10 02/27/2004CSCI 315 Operating Systems Design10 Deadlock: Dining-Philosophers Example Imagine all philosophers start out hungry and that they all pick up their left chopstick at the same time. Assume that when a philosopher manages to get a chopstick, it is not released until a second chopstick is acquired and the philosopher has eaten his share. Question: Why did deadlock happen? Try to enumerate all the conditions that have to be satisfied for deadlock to occur. Question: How could be done to guarantee deadlock won’t happen?

11 02/27/2004CSCI 315 Operating Systems Design11 A System Model Resource types R 1, R 2,..., R m CPU cycles, memory space, I/O devices Each resource type R i has W i instances. Each process utilizes a resource as follows: –request –use –release

12 02/27/2004CSCI 315 Operating Systems Design12 Deadlock Characterization Mutual exclusion: only one process at a time can use a resource. Hold and wait: a process holding at least one resource is waiting to acquire additional resources held by other processes. No preemption: a resource can be released only voluntarily by the process holding it, after that process has completed its task. Circular wait: there exists a set {P 0, P 1, …, P 0 } of waiting processes such that P 0 is waiting for a resource that is held by P 1, P 1 is waiting for a resource that is held by P 2, …, P n–1 is waiting for a resource that is held by P n, and P 0 is waiting for a resource that is held by P 0. Deadlock can arise if four conditions hold simultaneously:

13 02/27/2004CSCI 315 Operating Systems Design13 Resource Allocation Graph The nodes in V can be of two types (partitions): –P = {P 1, P 2, …, P n }, the set consisting of all the processes in the system. –R = {R 1, R 2, …, R m }, the set consisting of all resource types in the system. request edge – directed edge P 1  R j assignment edge – directed edge R j  P i Graph: G=(V,E)

14 02/27/2004CSCI 315 Operating Systems Design14 Resource Allocation Graph Process Resource Type with 4 instances P i requests instance of R j P i is holding an instance of R j PiPi PiPi RjRj RjRj

15 02/27/2004CSCI 315 Operating Systems Design15 Example of a Resource Allocation Graph

16 02/27/2004CSCI 315 Operating Systems Design16 Resource Allocation Graph With A Deadlock

17 02/27/2004CSCI 315 Operating Systems Design17 Resource Allocation Graph With A Cycle But No Deadlock

18 02/27/2004CSCI 315 Operating Systems Design18 Basic Facts If graph contains no cycles  no deadlock. If graph contains a cycle  –if only one instance per resource type, then deadlock. –if several instances per resource type, possibility of deadlock.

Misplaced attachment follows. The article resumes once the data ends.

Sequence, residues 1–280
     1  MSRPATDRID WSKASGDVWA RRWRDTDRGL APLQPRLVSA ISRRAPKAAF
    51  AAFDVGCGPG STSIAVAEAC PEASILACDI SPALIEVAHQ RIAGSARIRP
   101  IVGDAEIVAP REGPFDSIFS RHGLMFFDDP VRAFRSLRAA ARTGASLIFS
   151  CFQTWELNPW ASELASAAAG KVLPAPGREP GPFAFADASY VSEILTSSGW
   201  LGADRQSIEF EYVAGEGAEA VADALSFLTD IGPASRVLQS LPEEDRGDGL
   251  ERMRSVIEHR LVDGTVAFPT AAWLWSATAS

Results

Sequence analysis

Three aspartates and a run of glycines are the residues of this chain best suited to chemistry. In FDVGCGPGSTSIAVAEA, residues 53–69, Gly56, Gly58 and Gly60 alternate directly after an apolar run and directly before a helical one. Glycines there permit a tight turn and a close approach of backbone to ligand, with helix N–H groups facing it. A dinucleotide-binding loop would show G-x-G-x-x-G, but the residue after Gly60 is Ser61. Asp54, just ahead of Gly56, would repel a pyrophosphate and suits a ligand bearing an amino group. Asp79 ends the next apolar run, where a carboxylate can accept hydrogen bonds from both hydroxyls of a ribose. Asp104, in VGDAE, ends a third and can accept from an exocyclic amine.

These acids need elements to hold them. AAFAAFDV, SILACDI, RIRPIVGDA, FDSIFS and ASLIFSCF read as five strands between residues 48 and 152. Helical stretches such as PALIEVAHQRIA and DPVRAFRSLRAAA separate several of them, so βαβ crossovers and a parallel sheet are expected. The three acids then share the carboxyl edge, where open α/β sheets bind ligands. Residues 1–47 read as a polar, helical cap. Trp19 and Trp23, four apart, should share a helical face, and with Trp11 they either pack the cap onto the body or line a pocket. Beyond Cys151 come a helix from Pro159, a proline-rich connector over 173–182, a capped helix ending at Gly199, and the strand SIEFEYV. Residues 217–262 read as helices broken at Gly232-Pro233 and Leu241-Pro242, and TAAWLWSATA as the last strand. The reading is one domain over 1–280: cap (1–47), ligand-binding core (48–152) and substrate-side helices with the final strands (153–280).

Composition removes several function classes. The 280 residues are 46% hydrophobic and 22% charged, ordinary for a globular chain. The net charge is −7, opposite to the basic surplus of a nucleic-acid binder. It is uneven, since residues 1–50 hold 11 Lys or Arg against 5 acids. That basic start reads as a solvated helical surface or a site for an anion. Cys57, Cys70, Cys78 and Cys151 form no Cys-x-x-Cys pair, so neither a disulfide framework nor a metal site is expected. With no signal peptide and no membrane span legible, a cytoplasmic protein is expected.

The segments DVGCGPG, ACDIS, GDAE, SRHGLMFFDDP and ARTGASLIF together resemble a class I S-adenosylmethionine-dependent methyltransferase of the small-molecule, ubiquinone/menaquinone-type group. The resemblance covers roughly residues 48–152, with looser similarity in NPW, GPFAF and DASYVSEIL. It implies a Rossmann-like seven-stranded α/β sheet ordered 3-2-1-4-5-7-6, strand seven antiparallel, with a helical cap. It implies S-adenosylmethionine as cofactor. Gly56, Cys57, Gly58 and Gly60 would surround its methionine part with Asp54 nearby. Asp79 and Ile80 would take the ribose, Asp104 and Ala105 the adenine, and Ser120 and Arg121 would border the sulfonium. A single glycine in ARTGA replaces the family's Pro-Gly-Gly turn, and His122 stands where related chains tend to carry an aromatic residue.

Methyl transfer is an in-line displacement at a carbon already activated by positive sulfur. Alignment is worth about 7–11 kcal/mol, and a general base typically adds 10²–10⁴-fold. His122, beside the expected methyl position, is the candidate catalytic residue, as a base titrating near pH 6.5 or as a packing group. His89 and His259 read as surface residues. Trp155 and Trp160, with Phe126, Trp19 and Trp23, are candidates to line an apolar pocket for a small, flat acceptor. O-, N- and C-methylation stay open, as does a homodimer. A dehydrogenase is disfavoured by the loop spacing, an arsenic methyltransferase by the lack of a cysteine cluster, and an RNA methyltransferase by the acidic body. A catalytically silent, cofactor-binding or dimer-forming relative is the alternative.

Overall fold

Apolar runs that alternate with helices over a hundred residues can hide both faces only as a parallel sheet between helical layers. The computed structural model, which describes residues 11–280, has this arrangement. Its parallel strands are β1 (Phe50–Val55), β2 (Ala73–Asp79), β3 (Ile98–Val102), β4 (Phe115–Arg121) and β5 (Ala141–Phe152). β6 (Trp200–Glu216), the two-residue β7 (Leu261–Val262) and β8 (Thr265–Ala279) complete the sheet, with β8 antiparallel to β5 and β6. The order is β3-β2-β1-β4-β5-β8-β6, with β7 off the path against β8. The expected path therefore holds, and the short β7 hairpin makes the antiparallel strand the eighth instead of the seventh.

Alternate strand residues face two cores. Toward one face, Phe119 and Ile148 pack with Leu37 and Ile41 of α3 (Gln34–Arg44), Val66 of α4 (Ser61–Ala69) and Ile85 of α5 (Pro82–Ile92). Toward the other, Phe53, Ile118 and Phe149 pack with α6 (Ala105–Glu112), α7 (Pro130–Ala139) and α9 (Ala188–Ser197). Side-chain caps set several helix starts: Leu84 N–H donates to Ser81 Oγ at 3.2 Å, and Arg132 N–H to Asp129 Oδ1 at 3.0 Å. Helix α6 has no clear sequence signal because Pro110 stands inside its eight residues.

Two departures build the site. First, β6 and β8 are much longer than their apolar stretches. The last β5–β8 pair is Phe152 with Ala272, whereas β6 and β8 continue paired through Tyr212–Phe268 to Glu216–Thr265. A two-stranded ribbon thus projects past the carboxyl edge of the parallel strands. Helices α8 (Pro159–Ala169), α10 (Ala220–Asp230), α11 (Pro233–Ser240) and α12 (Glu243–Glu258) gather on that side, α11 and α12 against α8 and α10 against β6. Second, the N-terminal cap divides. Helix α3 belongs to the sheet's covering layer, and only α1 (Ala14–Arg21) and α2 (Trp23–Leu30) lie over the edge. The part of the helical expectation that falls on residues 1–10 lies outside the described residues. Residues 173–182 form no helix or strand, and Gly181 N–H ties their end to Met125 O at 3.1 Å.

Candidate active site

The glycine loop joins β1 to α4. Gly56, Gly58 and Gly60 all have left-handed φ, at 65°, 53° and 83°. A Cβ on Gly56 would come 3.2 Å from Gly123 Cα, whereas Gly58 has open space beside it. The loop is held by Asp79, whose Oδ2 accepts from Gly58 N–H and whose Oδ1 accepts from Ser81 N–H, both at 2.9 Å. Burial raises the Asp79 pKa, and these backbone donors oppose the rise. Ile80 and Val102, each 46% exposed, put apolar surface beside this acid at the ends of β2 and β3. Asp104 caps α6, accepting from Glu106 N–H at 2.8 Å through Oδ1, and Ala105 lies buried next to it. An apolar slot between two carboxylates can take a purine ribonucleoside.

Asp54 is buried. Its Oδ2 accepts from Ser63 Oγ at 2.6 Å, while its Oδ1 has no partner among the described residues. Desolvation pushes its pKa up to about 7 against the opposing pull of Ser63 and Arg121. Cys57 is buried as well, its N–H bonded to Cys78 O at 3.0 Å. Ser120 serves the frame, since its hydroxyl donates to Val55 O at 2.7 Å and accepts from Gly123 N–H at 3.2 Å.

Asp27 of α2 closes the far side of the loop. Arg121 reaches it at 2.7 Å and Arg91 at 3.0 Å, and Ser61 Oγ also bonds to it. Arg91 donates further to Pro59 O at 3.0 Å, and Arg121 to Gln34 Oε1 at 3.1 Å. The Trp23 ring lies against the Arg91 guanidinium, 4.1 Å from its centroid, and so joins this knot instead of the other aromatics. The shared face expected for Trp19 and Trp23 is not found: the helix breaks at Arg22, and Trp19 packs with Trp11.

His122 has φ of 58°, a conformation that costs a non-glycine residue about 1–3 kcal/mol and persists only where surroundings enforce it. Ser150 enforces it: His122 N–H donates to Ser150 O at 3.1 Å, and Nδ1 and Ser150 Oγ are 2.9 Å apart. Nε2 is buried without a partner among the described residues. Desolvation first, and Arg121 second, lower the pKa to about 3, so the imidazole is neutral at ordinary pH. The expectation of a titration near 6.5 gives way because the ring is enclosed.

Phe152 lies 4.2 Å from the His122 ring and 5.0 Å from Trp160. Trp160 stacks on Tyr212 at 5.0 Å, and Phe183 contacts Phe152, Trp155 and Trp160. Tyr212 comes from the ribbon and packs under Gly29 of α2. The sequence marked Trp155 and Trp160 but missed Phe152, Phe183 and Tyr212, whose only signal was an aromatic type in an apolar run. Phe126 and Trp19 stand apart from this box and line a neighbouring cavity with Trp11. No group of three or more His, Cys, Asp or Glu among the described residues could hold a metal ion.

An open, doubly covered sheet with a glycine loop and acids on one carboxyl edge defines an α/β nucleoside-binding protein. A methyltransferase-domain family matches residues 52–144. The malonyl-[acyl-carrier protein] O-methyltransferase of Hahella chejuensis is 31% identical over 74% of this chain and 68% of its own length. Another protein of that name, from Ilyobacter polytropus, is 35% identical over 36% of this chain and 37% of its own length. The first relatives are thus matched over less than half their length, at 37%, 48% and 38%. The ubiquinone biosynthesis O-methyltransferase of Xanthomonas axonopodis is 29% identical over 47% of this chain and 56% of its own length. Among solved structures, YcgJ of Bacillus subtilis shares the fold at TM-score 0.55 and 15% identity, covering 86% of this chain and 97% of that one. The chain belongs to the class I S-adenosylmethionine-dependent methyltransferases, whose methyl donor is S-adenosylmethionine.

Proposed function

19 02/27/2004CSCI 315 Operating Systems Design19 Methods for Handling Deadlocks Ensure that the system will never enter a deadlock state. Allow the system to enter a deadlock state and then recover. Ignore the problem and pretend that deadlocks never occur in the system; used by most operating systems, including UNIX.

20 02/27/2004CSCI 315 Operating Systems Design20 Deadlock Prevention Mutual Exclusion – not required for sharable resources; must hold for nonsharable resources. Hold and Wait – must guarantee that whenever a process requests a resource, it does not hold any other resources. –Require process to request and be allocated all its resources before it begins execution, or allow process to request resources only when the process has none. –Low resource utilization; starvation possible. Restrain the ways request can be made.

21 02/27/2004CSCI 315 Operating Systems Design21 Deadlock Prevention No Preemption – –If a process that is holding some resources requests another resource that cannot be immediately allocated to it, then all resources currently being held are released. –Preempted resources are added to the list of resources for which the process is waiting. –Process will be restarted only when it can regain its old resources, as well as the new ones that it is requesting. Circular Wait – impose a total ordering of all resource types, and require that each process requests resources in an increasing order of enumeration. Restrain the ways request can be made.